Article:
World View: Oil Prices Crash and OPEC Collapses over Iran-Saudi Rivalry

John Moore/AP
File Photo: John Moore/AP

This morning’s key headlines from

  • Oil prices crash and OPEC collapses over Iran-Saudi rivalry
  • Kazakhstan may be forced to choose between Russia and Turkey

Oil prices crash and OPEC collapses over Iran-Saudi rivalry

Iran and Saudi Arabia use oil as a weapon in their sectarian conflicts (CNN)
Iran and Saudi Arabia use oil as a weapon in their sectarian conflicts (CNN)

Oil prices fell over 5% on Monday, with West Texas Intermediate (WTI) prices crashing below $40 per barrel to $37.65.

The oil markets have changed substantially in the last few days, because a meeting of the Organization of the Petroleum Exporting Countries (OPEC) collapsed on Friday, without reaching any agreement on capping production levels.

Historically, OPEC members have collectively owned about two-thirds of the world’s proven petroleum reserves and account for two-fifths of world oil production. OPEC was formed in 1960 in order to gain control over oil prices by limiting the production of oil. It gained notoriety by tripling oil prices late in 1973, during and after the Yom Kippur war between Egypt and Israel, and continuing to raise prices throughout the remainder of the 1970s.

OPEC has had its ups and downs over the years, but now appears to be falling apart completely, mainly because of Iran’s nuclear deal with the west. Iran expects to the West to lift sanctions that have prevented Iran from selling oil. As a result, Iran plans to come to market with a tsunami of oil next year, which may push the price of oil down into the 20s.

Up till now, one of the main factors in the fall of oil prices has been the fracking (hydraulic fracturing) revolution in the United States, which initially created the oil glut that caused prices to decline from a high of more than $110 in June 2014.

Iran and other OPEC members wanted Saudi Arabia to boost oil prices by cutting its production. But the Saudis have been saying for a couple of years that they are going to continue full production in order to put the U.S. drillers out of business. Fracking is not profitable unless the price of oil is above $60, and the strategy has been working, as U.S. rig counts have fallen substantially.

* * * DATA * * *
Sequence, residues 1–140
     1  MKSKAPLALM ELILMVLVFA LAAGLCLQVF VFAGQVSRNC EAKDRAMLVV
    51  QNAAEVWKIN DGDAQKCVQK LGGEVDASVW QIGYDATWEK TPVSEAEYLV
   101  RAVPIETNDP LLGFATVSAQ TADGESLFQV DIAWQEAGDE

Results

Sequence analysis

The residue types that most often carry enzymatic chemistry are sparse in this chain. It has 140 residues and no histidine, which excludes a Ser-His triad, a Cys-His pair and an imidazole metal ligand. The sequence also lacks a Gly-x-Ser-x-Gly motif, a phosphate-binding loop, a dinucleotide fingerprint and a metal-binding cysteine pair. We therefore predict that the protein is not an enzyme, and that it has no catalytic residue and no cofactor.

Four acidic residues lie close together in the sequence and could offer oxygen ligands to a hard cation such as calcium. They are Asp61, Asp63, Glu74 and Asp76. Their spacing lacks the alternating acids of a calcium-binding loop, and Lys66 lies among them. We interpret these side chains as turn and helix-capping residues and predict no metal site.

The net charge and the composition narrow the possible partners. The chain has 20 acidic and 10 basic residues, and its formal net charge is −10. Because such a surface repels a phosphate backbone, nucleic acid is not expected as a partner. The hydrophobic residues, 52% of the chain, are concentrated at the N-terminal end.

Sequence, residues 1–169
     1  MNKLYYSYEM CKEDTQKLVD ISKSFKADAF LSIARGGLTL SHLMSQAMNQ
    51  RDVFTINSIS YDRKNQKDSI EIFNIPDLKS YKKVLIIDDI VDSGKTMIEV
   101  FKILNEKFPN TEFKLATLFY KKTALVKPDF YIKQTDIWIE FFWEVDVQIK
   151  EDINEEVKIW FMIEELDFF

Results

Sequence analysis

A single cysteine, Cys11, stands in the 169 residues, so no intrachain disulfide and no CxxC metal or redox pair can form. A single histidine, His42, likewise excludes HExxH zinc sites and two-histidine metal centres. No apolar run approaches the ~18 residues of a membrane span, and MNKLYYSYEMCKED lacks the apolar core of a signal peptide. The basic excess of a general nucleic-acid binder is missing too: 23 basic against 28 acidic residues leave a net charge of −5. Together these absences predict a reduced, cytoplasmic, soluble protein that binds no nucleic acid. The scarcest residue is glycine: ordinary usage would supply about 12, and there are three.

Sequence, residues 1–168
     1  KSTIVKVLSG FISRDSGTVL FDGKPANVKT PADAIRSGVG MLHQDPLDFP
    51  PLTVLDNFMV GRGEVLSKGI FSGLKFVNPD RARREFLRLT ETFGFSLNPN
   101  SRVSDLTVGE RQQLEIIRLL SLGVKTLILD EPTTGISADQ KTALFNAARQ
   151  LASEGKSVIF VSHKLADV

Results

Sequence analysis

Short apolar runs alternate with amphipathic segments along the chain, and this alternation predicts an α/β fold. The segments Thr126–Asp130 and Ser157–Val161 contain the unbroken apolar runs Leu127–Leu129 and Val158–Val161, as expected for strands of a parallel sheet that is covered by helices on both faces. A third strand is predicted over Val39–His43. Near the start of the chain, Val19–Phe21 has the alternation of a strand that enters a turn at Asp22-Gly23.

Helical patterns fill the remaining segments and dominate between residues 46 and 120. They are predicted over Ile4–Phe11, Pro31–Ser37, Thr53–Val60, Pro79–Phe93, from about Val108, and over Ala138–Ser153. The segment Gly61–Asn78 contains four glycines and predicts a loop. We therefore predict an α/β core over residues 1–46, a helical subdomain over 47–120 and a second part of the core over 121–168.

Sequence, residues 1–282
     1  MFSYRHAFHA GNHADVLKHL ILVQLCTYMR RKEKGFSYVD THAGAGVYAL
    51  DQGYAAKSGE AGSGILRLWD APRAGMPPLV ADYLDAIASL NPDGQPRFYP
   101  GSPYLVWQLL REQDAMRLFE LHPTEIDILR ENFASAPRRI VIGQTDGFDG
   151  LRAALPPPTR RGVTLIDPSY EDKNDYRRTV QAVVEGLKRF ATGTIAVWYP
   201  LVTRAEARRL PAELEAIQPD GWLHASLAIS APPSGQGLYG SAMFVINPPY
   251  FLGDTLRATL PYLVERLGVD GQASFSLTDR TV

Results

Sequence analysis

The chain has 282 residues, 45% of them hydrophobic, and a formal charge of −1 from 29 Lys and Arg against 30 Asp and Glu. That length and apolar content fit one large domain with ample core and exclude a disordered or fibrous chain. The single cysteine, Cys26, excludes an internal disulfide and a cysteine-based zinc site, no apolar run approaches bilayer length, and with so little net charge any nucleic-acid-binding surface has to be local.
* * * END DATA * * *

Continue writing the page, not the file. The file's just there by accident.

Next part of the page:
Saudi Arabia at last week’s OPEC meeting had proposed to reduce output provided that everyone else did as well. “We cannot cut alone,” said an official. “Everyone has to contribute to that – Iran, Iraq, and the rest outside OPEC.” However, Iran and Russia rejected the plan.

With sanctions lifted, Iran expects its own oil production to surge. Iran’s oil minister said that setting production levels “is our right and anyone cannot limit us… [W]e do not expect our colleagues in OPEC to put pressure on us. … It is not acceptable, it’s not fair.”

That was the end of any hope for a deal. Now, “Everyone does whatever they want,” according to the oil minister of Iran, which plans to increase exports by a million barrels a day next year.

The huge fall in oil prices has been disastrous for the economies of oil producing countries, including Russia, Venezuela and Nigeria. As I have been writing for over ten years, Generational Dynamics predicts that the world is in a deflationary spiral, and the collapse in oil prices, and prices of other commodities, appears to be accelerating that deflationary spiral. Oil Price News and Bloomberg and CNN and CNBC

Kazakhstan may be forced to choose between Russia and Turkey

On the one hand, Kazakhstan is a member of the Russia-led Eurasian Economic Union (EEU), which also includes Belarus, Armenia and Kyrgyzstan, and of the Collective Security Treaty Organization (CSTO). Russia is Kazakhstan’s largest trade partner.

On the other hand, in the last ten years, Turkey’s businesses have invested $1.8 billion in about 1500 businesses in the Kazakhstan economy, particularly in the areas of construction, retail commerce, the processing industry and pharmaceuticals.

Kazakhstan is a Turkic country, and was one of the republics of the Soviet Union. When it collapsed in 1991, Turkey was the first country to recognize Kazakhstan’s independence.

So Kazakhstan in a difficult situation, and stands to lose from the Russia-Turkey conflict, no matter what it does.

The worst case scenario for Kazakhstan is that war breaks out, and Turkey closes the Turkish straits (Bosporus and Dardanelles channels) – the waterways that connect the Black Sea to the Mediterranean Sea – to both Russia and Kazakhstan. ( “4-Dec-15 World View — Russia and Turkey increasingly on a war footing”)

Like Turkey and Russia, Kazakhstan is one of the countries that border the Caspian Sea, and most Kazakh oil is exported to the world market through the Turkish straits, so their close would be a catastrophe. That is why Kazakhstan is trying to remain neutral between the countries, and is struggling to formulate a coherent message that refrains from offending either side. We will have to see how long that will work. Jamestown

KEYS: Generational Dynamics, Iran, Saudi Arabia, Organization of the Petroleum Exporting Countries, OPEC, fracking, hydraulic fracturing, Russia, Venezuela, Nigeria, Kazakhstan, Belarus, Armenia, Kyrgyzstan, Collective Security Treaty Organization, CSTO, Turkish straits, Bosporus, Dardanelles
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